Journal

Photography, photoshop, and the philosophy of taking pictures by photographer Bill Wadman, co-host of On Taking Pictures.

Style

I'll be honest, I'm not much of a fashion hound, I'm not even a fashion golden retreiver. I generally wear pretty boring clothes, hate shopping, and get a bit angry when people say things like, "Oh, blue is in this season". Oh really?  And who exactly decided that blue is in this season?

Over the past year, I've fallen into a groove with my portraits.  They've started to feel a cohesive set to me, and also, I think, somewhat recognizable as having been taken by me.  Some of it has to do with my framing, and the focal length lenses I like to use, and of course my post-processing. And some have said that I'm able to cultivate a certain kind of portrait from my subjects, though that sounds a little new-age for my liking.

As a general rule I think all of this is a positive thing, because it makes my work more recognizable and perhaps memorable, which will hopefully lead to the all important, more work. But I'm not sure if the groove is not just as much of a trap. I mean, I 'think' that this look was organic and just came about, which would be a good thing, but did I subconsciencely choose for it to happen because I felt the look of my portraits was too scattered. And then the question remain, is having "a look" in the first place really a good thing?

There are many portrait photographers who's works is quickly recognizable. Annie Lebovitz has a look, Platon definately has a look, Seliger to a certain extent, Greenfield-Sanders most certainly.  I once told a big-dog I know that I was scared of getting pidgeon-holed to which they replied something like, "It's better to be pidgeon-holed and working than not". Which is a good point; None of the above photographers seems to be for want of work.

Then of course there is the issue of what's cool, as what's cool is what sells. And I'm pretty sure my pictures are not cool.  Last year I entered in a competition at the National Portrait Gallery in London, and while a couple of my images made it to the last round of 150 out of about 6000, none of them were selected for the show.  Of the images that were, some were absolutely gorgeous, and others, in my opinion, absolutely god-awful. Most of the stuff I didn't like was of the flat light, dirty, seemingly poor person with a blank look on their face kind of stuff which I think was in vogue last year. Most of the stuff I did like was dramatically lit and looked like a painting. Which is good because my images tend toward more dramatic lighting and painterly look.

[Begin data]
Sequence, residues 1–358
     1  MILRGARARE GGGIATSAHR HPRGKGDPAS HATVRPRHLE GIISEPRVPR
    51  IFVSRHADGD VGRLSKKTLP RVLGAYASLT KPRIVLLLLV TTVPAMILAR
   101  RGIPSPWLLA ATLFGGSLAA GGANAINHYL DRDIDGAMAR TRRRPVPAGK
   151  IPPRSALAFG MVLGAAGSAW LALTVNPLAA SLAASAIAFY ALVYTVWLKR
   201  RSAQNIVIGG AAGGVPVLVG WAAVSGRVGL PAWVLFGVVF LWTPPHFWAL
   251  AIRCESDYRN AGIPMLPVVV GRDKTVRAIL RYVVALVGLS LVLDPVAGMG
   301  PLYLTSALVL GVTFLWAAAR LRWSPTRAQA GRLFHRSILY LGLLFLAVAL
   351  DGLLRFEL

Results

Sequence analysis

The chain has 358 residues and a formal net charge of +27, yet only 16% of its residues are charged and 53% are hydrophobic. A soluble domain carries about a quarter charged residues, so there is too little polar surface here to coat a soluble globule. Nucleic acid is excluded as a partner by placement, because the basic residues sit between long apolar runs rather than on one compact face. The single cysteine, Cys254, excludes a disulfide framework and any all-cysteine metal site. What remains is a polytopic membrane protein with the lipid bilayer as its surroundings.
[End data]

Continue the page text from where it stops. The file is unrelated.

The thing is, that I don't like to be comfortable.  In fact, I'm uncomfortable being comfortable if that makes any sense. So while with one foot I feel like I'm hitting my stride, with the other I question greatly the path the stride is taking.  Maybe it's just fear of regret, or of screwing up, or of becoming static.  I'll admit that I'm at my best when I'm changing, when I'm dynamic.

I talked all this over with my friends Craig, Lisa, and Mary Beth. A typographer, a photographer, and a writer.  Basically the conclusion we came to is that you may need to make certain concessions of stability to the commercial gods, so they know what they're going to get when they hire you, which is fine as long as you continue to grow on the side. And not in a every once in a while I mess around way, but rather all the time.  The trick on this balancing act is to not teeter too far toward either side.  

So basically I need to come with some ways to expand my creative horizons a bit, so if anyone is in the NYC area, wants to take some pictures, and will allow me the time to experiment: Let me know.